Wed, Jan 28, 2009
Successfully Tests Laser Avenger System At White Sands
When it comes to unmanned aerial vehicles, Boeing is known for
its work on ways to keep UAVs flying... but the company is also
testing new methods for shooting them down.
Boeing announced Tuesday has successfully demonstrated a laser
system mounted on an Avenger combat vehicle can shoot down a small
unmanned aerial vehicle like those that increasingly threaten US
troops deployed in war zones.
During tests last month at White Sands Missile Range, NM, Laser
Avenger achieved its principal test objectives by using its
advanced targeting system to acquire and track three small UAVs
flying against a complex background of mountains and desert. The
laser system also shot down one of the UAVs from an operationally
relevant range. These tests mark the first time a combat vehicle
has used a laser to shoot down a UAV.
Representatives of the US Army's Cruise Missile Defense Systems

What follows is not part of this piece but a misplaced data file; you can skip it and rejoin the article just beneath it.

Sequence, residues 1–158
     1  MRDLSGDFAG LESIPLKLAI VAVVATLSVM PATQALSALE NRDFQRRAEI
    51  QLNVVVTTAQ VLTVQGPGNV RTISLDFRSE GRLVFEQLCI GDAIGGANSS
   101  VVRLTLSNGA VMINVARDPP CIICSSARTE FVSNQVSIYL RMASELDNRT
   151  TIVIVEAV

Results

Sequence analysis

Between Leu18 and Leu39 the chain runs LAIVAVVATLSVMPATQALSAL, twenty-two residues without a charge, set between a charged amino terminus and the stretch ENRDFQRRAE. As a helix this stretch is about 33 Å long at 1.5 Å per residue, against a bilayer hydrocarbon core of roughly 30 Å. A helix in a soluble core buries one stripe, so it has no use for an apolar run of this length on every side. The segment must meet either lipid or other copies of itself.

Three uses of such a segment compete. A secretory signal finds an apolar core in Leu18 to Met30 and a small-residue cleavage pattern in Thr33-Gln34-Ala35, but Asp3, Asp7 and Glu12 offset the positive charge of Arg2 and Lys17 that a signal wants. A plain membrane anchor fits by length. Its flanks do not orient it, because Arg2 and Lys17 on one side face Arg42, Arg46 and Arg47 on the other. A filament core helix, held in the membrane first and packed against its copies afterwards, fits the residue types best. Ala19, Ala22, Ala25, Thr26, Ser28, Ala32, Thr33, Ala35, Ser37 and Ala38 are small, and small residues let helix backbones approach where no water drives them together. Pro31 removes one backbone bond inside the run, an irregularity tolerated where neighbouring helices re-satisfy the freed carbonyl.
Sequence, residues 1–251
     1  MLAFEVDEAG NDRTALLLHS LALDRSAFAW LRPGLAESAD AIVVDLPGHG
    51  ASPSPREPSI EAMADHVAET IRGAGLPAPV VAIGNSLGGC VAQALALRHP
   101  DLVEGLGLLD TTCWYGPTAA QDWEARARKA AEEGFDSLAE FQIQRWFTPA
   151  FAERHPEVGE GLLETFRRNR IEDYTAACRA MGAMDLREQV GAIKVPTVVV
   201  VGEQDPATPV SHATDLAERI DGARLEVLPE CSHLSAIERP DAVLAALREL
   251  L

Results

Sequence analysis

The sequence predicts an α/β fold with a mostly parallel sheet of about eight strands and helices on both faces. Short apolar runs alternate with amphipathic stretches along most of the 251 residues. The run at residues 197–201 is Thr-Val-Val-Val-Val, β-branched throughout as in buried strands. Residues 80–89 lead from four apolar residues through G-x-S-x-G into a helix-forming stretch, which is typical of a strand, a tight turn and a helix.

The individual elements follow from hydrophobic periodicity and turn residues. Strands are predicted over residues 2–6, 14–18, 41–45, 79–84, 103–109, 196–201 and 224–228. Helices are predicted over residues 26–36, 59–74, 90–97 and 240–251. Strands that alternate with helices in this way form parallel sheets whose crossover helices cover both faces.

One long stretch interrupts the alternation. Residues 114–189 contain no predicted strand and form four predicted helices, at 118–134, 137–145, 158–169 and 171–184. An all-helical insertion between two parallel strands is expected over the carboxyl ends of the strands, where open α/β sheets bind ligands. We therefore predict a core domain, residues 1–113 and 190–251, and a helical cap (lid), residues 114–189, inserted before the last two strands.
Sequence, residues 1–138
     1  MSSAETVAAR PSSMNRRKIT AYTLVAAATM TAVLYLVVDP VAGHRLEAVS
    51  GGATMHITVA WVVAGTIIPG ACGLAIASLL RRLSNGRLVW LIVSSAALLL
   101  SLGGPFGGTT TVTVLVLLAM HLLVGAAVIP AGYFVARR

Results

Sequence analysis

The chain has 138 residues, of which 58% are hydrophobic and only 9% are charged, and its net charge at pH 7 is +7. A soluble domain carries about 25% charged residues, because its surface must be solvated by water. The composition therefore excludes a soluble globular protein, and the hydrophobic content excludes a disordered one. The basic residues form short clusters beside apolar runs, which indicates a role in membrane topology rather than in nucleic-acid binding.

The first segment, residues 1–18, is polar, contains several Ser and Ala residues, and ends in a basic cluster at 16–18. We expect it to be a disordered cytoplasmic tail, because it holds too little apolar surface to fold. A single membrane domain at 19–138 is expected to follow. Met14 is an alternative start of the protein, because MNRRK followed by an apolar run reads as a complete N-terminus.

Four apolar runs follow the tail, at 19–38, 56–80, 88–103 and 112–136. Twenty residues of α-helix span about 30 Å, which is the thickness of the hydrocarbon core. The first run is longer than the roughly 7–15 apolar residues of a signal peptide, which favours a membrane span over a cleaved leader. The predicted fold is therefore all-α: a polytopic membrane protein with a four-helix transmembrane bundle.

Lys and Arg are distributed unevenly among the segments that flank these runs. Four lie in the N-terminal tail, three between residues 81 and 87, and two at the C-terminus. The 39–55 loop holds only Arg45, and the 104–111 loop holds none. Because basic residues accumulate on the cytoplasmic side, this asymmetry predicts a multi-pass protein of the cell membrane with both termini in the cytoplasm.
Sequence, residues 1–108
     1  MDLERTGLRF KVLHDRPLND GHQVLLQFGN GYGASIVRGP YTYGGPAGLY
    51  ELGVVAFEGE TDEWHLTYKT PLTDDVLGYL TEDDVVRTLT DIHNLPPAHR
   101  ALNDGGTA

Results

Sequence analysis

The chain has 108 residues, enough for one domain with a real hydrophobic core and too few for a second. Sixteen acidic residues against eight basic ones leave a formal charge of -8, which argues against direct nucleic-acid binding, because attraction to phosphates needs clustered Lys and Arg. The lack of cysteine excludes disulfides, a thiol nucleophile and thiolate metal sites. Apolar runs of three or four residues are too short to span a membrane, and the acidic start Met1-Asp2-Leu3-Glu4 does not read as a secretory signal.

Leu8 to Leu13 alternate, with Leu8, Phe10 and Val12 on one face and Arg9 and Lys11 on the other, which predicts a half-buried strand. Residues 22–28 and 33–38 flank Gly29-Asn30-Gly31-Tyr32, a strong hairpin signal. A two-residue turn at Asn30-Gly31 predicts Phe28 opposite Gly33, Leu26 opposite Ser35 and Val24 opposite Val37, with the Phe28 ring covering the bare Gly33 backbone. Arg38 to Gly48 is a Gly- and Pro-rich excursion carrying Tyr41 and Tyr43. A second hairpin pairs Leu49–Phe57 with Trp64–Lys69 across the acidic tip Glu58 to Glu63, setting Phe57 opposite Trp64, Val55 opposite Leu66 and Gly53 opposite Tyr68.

project office observed the tests.
"Small UAVs armed with explosives or equipped with surveillance
sensors are a growing threat on the battlefield," said Gary
Fitzmire, vice president and program director of Boeing Directed
Energy Systems. "Laser Avenger, unlike a conventional weapon, can
fire its laser beam without creating missile exhaust or gun flashes
that would reveal its position. As a result, Laser Avenger can
neutralize these UAV threats while keeping our troops safe."
The tests follow a 2007 demonstration in which an earlier
version of Laser Avenger neutralized improvised explosive devices
(IEDs) and unexploded ordnance (UXO) on the ground.
"We doubled the laser power; added sophisticated acquisition,
tracking and pointing capability; and simplified and ruggedized the
design," said Lee Gutheinz, Boeing program director for High-Energy
Laser/Electro-Optical Systems. "Boeing developed and integrated
these upgrades in less than a year, underscoring our ability to
rapidly respond to warfighters' needs."
Laser Avenger integrates a directed energy weapon together with
the kinetic weapons on the proven Avenger air defense system
developed by Boeing Combat Systems in Huntsville, AL. It is a
Boeing-funded initiative to demonstrate that directed energy
weapons are maturing and are relevant to today's battlefield.
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